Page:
It takes just one pan and a few Asian pantry staples to cook delicious braised pork spare ribs. The key is in the slow cooking to give the meat time to soak up the flavors in the seasonings, spices and cooking liquid.
This recipe was originally published in December 12, 2006. The photos are new because we just had this dish for lunch today.
The recipe is now in a printer-friendly format too. Back in 2006, Google didn’t have any requirements about how recipes should be formatted. Well, that was over a decade ago. Technology has evolved tremendously and what may have been good in 2006 is, by current web standards, terribly outdated today. An update was necessary.
Apart from the new photos and the formatted recipe, little has changed with the way I cook this dish. I was going to call this dish mix-and-match pork spare ribs but it isn’t very descriptive of the cooking process. Braised (to cook in very little liquid) is a more accurate description. It was inspired by teriyaki but this isn’t a marinate-and-grill dish. The meat is allowed to absorb the flavors during braising. No grilling necessary.
In a nutshell, you just cut the pork spare ribs, brown them in hot cooking oil, add finely chopped garlic, onions and ginger and pour in the seasonings with a couple of cups of bone broth. Simmer the meat and, an hour or so later, you have your delicious braised pork spare ribs.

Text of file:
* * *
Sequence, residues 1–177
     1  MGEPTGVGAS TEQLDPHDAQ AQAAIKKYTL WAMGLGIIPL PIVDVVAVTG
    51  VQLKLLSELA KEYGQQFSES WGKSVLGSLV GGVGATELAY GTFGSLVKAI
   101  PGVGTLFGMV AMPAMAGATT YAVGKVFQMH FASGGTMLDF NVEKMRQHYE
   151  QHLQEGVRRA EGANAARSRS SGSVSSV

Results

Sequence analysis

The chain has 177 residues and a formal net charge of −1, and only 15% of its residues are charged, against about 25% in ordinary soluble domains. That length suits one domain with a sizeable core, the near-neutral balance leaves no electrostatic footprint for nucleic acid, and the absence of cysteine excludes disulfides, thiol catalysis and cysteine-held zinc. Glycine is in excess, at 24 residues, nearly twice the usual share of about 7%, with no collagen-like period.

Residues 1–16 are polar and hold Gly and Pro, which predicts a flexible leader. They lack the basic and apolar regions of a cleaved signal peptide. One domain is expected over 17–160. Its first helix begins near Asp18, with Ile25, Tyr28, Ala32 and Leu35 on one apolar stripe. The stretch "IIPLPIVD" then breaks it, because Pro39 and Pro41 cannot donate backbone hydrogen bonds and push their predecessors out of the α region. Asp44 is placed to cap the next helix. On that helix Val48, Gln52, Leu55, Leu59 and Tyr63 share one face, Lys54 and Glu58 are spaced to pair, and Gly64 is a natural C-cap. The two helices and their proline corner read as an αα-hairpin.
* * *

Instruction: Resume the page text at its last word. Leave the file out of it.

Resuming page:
Note, though, that you may need to add bone broth a few times during the cooking to prevent the liquid from drying out which will result in scorched meat. You will also need to flip the ribs a few times to make sure that every inch gets to cook in the wonderful sweet-salty liquid.
The following recipe is good for four servings.
Easy Braised Pork Spare Ribs
- Cut the pork spare ribs between the bones.
Peel and finely chop the garlic and onion.
- Peel and finely grate the ginger.
Heat the cooking oil in a wok or frying pan. Add the pork spare ribs and cook — in batches, if necessary — until lightly browned.
Add the rest of the ingredients and stir well to blend.
Pour in two cups of bone broth and bring to the boil.
Lower the heat, cover and simmer until the pork is tender.
Depending on the thickness of the meat and the age of the hog it came from, the braising can take anywhere from an hour to two hours.
During the cooking time, as the liquid evaporates, you may need to add more bone broth occasionally to prevent scorching. Half a cup or so each time should be enough.
Taste the sauce occasionally. If the bone broth is under seasoned or unseasoned, you may need to add salt. DO NOT be tempted to add more soy sauce to prevent the dish from turning too dark.
By the time the pork is done, there should only be a little sauce. As the chopped onions become mushy, they will thicken the sauce so there really is no need to add flour or starch.
This is an updated version of the recipe originally published in December 12, 2006.